Mentoring programs for students and young alumni are increasingly popular in the higher education community, but they're not turning out to be all that we hope they are. Mentoring programs promise to tap into the inactive parts of our alumni networks to help students and young alumni advance their careers and engage older alumni at the same time. This promise isn't being realized.
Johns Hopkins University is winding down its CASE Circle of Excellence award-winning Bridge 5 program, which paired incoming freshman with alumni mentors 5 years their senior. Other schools are having difficulty getting their mentoring programs off the ground. Some experts in higher ed are even questioning whether we should be implementing mentoring programs at all.
Thing is, we love the idea of mentoring, but we don't really talk about how it should work. And that's a problem. The problem.
Our assumption about mentoring programs goes something like this:
Mentoring is a black box: You put a mentor and mentee in the box and then good things happen. Somehow. It's a hand-wavy placeholder we use to gloss over the vital intricacies of person-to-person interaction. But those details are what make mentoring work when it works and fail when it fails.
The very word "mentoring" presupposes and guarantees a positive outcome: growth of the mentee. But that outcome isn't actually guaranteed. We don't know that our mentoring programs will get the results we want. So what we're really designing is a matchmaking program, not necessarily a mentoring program. A mentoring program is what we get when everything works correctly.
When we assume success is a given, like we do with mentoring, we don't do our best to design for it. We create sloppy programs. And because we don't question our definition of success, we misinterpret our results—whatever they are—to be positive outcomes. Fifty mentor-mentee pairs! Sounds great, right? But how many of those mentees actually benefitted from participating? Was it just wasted time?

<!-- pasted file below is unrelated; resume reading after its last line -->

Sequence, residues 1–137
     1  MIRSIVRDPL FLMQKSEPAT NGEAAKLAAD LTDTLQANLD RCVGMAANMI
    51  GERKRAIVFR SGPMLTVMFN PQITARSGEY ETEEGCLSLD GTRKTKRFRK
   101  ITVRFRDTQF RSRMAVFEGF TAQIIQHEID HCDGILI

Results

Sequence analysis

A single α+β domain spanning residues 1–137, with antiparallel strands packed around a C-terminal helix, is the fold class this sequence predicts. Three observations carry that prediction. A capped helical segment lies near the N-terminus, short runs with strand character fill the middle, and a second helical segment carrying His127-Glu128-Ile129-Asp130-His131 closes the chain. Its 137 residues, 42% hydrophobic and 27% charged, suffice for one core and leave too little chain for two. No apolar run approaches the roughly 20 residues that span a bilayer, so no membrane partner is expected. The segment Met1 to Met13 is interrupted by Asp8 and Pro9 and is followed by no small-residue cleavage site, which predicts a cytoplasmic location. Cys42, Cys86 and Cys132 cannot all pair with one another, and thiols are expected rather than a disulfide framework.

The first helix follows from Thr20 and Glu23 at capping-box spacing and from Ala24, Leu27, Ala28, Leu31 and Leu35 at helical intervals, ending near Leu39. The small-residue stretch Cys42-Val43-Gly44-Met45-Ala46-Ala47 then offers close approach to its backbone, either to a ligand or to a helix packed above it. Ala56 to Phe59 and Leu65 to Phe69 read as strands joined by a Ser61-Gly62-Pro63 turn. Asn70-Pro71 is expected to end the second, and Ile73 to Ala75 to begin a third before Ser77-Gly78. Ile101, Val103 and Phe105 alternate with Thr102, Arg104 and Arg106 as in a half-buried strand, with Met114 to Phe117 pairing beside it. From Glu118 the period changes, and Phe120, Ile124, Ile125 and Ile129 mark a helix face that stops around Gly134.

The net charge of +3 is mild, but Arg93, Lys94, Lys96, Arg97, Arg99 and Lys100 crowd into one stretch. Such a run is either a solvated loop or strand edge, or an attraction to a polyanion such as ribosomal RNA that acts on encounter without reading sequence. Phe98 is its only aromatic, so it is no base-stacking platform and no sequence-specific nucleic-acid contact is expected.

More fundamentally, our assumptions often get in the way of asking ourselves the basic question: Do our constituents need this? As Ryan Catherwood, Assistant Vice President of Alumni and Career Services at Longwood University, writes, mentoring programs are often not well suited to what students and alumni need to advance their lives personally and professionally:
If our job is to teach people how to get hired, then mentor/mentee programs send the wrong message. Students and alumni must learn how to develop relationships to build a network that will provide referrals. Hiring managers rely on referrals to make decisions on candidates they’ve only met a few times for an hour or two. If nearly 80% of jobs are obtained through referrals, that must be our program’s focus.
The best advice for a mentee would be to go out and introduce themselves to people, starting with alumni in places they’d like to live and work. We don’t need to deploy resources towards formal structures to deliver that narrative. We need to teach students how to introduce themselves to the right people.
When we treat mentoring like a cure-all, we don't wind up curing anything.